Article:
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Playing Favorites
"I love them equally," insists every parent of two
or more children. But can you? Should you?


By Anthony Brandt
(8/6/00)

When my brother and I were kids Mom would make it plain every Christmas morning while we sat around the tree tearing the wrappings off our gifts that she and Dad had spent the same amount of money on each of us, "to the penny," she said. I believe it, too. She had a kind of grim determination that could be awesome in practice and I can see her sitting down with pencil and paper, adding up what everything had cost, down to the last piece of candy in our stockings, making sure it came out even. It was a powerful lesson. No way would she play favorites.

No way would I, either, when I had kids. But it isn’t that easy. I had two kids, too, a girl and a boy; and you find out right away that you have a different relationship with each one, and you can’t help it. They themselves are different, first of all, not just because one may be a girl and the other a boy but because, from Day One, they’re different people. One is tough, say, the other tender; one may be ambitious, the other as laid-back as a turtle dove; one is dark and moody, the other all light and air. They’re born, furthermore, into different circumstances. When Kate, my daughter, was born, I was a grad student and my wife, a nurse, was working shifts at St. Luke’s Hospital in New York, so we traded child care duties every day. She went to work and Kate was mine for eight hours. I changed diapers, fed her, bathed her, took her for walks, played with her. I was total Dad and it had nothing to do with the women’s movement. We had no money, couldn’t afford child care, these were the circumstances. Deal with it, Dad. So I did.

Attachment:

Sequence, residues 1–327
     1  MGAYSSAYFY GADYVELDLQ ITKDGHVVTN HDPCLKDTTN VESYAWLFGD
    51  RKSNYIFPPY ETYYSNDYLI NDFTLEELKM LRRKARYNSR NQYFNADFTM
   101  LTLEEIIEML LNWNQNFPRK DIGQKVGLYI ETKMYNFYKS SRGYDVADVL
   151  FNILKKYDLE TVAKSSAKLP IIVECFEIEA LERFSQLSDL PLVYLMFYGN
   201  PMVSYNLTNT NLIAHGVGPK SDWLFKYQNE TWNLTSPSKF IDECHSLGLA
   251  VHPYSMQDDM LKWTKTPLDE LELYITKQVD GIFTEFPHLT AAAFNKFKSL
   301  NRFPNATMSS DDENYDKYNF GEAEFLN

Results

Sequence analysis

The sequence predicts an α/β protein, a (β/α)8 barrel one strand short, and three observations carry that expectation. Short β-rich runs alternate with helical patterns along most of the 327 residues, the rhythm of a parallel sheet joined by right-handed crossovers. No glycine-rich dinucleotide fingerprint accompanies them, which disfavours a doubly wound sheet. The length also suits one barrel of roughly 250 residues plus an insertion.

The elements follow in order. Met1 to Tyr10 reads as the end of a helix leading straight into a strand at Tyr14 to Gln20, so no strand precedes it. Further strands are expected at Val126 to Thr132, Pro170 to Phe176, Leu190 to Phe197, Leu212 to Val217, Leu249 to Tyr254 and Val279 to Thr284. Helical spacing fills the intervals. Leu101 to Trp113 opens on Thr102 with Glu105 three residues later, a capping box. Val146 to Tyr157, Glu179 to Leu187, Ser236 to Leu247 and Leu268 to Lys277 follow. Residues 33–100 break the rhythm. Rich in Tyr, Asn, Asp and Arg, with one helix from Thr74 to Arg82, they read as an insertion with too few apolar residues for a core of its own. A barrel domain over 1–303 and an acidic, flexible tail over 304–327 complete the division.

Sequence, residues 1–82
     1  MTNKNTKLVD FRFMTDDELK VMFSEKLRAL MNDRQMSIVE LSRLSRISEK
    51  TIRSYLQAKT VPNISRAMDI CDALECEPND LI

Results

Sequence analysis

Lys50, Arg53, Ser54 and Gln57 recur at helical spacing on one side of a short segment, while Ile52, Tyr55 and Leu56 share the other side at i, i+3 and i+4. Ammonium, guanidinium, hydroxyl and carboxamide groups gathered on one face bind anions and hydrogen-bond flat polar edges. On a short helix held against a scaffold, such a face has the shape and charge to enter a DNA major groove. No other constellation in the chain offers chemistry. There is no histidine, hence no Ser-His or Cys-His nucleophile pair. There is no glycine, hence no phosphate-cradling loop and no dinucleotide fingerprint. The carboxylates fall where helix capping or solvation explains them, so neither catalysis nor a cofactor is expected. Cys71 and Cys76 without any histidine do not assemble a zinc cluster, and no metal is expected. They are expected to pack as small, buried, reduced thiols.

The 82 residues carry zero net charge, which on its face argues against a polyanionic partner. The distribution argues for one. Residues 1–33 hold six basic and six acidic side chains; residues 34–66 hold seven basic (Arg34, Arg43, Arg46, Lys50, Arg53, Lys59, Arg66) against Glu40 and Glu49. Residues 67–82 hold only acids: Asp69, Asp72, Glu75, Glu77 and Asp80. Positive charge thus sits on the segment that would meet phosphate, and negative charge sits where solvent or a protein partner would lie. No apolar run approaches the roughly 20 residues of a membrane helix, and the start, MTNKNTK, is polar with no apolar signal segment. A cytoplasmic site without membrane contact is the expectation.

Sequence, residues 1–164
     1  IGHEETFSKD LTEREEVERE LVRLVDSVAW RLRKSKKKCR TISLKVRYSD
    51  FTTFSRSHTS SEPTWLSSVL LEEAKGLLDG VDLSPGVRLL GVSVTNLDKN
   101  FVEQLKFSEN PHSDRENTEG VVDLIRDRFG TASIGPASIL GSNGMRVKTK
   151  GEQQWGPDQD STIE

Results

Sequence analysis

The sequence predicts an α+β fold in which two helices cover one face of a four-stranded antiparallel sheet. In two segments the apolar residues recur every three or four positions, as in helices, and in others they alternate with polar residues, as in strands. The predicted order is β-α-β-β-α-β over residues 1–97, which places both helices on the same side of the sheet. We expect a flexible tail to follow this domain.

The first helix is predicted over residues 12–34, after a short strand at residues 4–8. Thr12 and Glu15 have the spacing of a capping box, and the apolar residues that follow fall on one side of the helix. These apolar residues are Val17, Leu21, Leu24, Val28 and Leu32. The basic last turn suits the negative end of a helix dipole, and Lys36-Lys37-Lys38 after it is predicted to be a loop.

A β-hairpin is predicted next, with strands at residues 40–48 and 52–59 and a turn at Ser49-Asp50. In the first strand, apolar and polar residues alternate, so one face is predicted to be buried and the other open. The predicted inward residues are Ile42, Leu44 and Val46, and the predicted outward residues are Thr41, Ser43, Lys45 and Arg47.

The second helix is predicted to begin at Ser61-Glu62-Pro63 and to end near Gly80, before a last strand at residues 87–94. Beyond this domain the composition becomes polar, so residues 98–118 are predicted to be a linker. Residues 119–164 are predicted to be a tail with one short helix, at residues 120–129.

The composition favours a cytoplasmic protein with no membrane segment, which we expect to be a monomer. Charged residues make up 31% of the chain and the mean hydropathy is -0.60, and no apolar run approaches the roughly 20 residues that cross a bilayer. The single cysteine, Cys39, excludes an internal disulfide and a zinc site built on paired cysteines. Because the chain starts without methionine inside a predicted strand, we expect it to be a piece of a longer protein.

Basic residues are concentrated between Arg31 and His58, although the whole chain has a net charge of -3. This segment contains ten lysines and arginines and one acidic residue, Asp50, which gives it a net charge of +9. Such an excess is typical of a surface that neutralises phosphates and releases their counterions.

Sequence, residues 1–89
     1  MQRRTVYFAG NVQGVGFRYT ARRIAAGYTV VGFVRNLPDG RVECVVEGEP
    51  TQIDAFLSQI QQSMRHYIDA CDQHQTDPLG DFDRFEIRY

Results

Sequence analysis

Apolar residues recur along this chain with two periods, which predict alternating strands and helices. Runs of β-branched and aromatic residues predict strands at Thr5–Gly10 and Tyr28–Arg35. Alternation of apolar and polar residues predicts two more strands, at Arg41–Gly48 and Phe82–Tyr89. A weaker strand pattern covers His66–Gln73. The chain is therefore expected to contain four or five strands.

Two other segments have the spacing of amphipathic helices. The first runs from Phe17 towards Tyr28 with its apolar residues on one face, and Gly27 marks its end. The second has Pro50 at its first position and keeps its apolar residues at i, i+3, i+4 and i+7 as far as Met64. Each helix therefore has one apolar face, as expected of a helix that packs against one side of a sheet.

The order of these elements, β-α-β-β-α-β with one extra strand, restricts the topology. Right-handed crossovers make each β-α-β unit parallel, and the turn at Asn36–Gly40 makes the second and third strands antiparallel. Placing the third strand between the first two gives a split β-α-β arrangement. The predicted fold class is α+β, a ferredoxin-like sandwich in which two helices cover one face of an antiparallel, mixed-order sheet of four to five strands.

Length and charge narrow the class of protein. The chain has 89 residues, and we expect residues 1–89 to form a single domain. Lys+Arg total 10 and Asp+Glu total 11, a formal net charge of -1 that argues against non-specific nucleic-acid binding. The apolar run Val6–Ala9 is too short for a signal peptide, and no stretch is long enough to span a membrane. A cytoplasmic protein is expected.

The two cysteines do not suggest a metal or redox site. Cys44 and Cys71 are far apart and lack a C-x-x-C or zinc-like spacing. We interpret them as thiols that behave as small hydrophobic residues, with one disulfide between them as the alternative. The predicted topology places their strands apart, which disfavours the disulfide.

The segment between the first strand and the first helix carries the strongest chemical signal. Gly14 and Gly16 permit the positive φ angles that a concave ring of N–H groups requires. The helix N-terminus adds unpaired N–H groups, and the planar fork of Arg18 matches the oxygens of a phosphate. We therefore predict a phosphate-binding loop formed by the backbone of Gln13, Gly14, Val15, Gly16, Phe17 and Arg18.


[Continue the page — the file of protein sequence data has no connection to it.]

Four years later we had Evan and by then we were living on an old country road surrounded by woods and meadows, I was commuting to my job in New York every day and my wife had taken a year off to be full-time mother. I didn’t spend the same amount of time with him, seldom had to change his diapers, seldom bathed and fed him. And Evan was very different from Kate. Evan was an easy-going, happy kid loaded with charm. Kate was never easy-going. She was smart, tough, demanding. She could be sweet, she could be cranky, but she was always a handful.

And this is only part of the equation; there’s my wife to consider as well. She had never been entirely comfortable with Kate, who was not the pliable ‘nice’ child she had hoped for. My wife thought of herself as a kind of Lady Midwest, upbeat and cheerful. So when she decided to be a full-time Mom what did she get? A child who was easy to care for, in every sense of the word. Who was upbeat and cheerful. Can you see it coming?

It took a few years but inevitably and maybe unavoidably, Evan became "hers"—her favorite. And Kate, who was, in the rapidly developing family mythology, more like me, supposedly became "mine."